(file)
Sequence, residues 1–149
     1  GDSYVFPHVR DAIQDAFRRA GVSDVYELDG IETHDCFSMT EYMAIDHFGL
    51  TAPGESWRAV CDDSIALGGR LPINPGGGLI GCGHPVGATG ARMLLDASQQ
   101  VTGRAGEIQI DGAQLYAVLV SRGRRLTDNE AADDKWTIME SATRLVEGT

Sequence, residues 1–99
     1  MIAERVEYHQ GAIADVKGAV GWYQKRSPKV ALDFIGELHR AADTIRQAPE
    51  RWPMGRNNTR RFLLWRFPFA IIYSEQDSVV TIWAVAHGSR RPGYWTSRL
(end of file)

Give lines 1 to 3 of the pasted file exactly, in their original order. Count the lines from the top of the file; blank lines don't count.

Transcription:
Sequence, residues 1–149
     1  GDSYVFPHVR DAIQDAFRRA GVSDVYELDG IETHDCFSMT EYMAIDHFGL
    51  TAPGESWRAV CDDSIALGGR LPINPGGGLI GCGHPVGATG ARMLLDASQQ